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Peace Monuments
Based on Horses

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1828 - Place des Victoires-Nationaux / National Victories Square, Paris (France). With an equestrian statue of Louis XIV. Designed as a memorial to the Treaties of Nijmegen concluded in 1678-79. "In 1793, the Place was renamed, & a wooden pyramid was erected on the site of the destroyed statue. In 1810, under the rule of Napoléon Bonaparte, a nude statue of General Louis Desaix replaced the pyramid. However, following the abdication of Napoléon, the statue was taken down, & its metal was used to create a new statue of Henry IV on the nearby Pont Neuf. In 1828, the restored Bourbon king, Charles X, commissioned the current equestrian statue, which was sculpted by François Joseph Bosio. Louis XIV, dressed as a Roman emperor, sits on a proud horse rearing on its hind legs. An iron fence encircles the 12-meter-high statue."

1890 - "A Signal of Peace," Chicago, Illinois (USA). "Represents a Sioux Chief on horseback, his right hand holding a spear pointed upward in a gesture of peace." A gift of art patron Judge Lambert Tree [1832-1910]. Sculpted in France by Cyrus E. Dallin [1861-1944] and exhibited at the World's Columbian Exposition (World's Fair) in 1893.

May 30, 1903 - "Goddess of Victory" (statue of William Tecumseh Sherman), Central Park, New York City, New York (USA). "At the statue, which is mounted on an 11-foot-high pedestal, David McCullough exclaims, 'Isn't it great! Look at that face! It's the face of a madman! Grim and pockmarked...the very image of the horrors of war!' Sherman, celebrated & reviled for his brutal 1864 march from Atlanta to the sea, is famous for saying 'War is hell.' McCullough likes to recite the lesser known part of Sherman's speech: 'I am tired and sick of war. Its glory is all moonshine.' McCullough lingers on the word moonshine. 'And look, there's the (horse's upraised) foot that gave [sculptor] Augustus Saint-Gaudens [1848-1907] so much trouble.' But what McCullough likes best about the statue is the figure in front of Sherman, a barefooted, winged goddess of Victory. She clutches a palm branch in her left hand and reaches out with her right hand, as if leading the way for Sherman. 'She makes it great,' McCullough says, noting the contrast between war-weary Sherman & Victory's youth and beauty. 'But there is no joy, no gleam of triumph or glory in her expression. Her eyes are wide, her mouth open, as if she was under a spell.' McCullough adds, 'She was African American (a 24-year-old model from South Carolina named Hettie Anderson). No one knows that!'"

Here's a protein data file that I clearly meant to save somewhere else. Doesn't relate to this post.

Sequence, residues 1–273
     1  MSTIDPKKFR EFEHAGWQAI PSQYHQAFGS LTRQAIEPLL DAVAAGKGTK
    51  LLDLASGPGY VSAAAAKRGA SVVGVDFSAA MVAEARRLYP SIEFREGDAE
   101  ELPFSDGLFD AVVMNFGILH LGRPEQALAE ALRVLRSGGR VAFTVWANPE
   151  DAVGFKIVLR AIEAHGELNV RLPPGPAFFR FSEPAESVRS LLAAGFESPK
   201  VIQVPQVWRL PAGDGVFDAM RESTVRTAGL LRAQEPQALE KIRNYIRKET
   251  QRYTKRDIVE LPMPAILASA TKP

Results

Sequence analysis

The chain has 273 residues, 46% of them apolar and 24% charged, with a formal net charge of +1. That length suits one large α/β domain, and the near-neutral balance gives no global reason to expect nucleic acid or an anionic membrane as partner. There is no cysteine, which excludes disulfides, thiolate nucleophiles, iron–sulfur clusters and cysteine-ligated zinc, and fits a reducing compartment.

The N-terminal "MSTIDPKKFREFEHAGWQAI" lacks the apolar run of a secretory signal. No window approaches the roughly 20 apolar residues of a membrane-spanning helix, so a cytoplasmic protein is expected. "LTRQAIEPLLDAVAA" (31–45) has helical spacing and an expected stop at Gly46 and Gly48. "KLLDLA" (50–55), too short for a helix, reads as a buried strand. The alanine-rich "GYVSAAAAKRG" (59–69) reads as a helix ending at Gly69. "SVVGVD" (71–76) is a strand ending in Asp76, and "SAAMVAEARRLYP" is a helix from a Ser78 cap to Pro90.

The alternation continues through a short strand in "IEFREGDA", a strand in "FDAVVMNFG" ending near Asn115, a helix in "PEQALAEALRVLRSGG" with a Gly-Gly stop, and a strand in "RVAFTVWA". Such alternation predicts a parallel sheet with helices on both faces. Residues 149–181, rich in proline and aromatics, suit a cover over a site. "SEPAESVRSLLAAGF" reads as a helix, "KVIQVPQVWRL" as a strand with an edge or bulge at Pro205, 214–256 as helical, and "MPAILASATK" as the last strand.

December 6, 1915 - Statue of Joan of Arc, Joan of Arc Park, Riverside Drive at 93nd Street, New York City, New York (USA). "The Maid of Orleans is standing in her stirrups, sword raised as if to cut away some of the summer boughs that nearly hide her from view. She is in armor and pointed west, as though the English had taken up positions across the river in New Jersey... This is the first statue of a woman -- not a female abstraction -- erected in New York, and the first by a female sculptor, Anna Vaughn Hyatt [1876-1973]... Behind nearly every speech [at the dedication] was the thought of the European war. The statue was raised -- a little late -- to commemorate the 500th anniversary of Joan’s birth in January 1412. The 600th anniversary, in a barely more peaceful world, is just around the corner. We wonder what celebrations are in store." [from a New York Times editorial, 25Aug10] Copies in Gloucester, MA, & Blois (France)?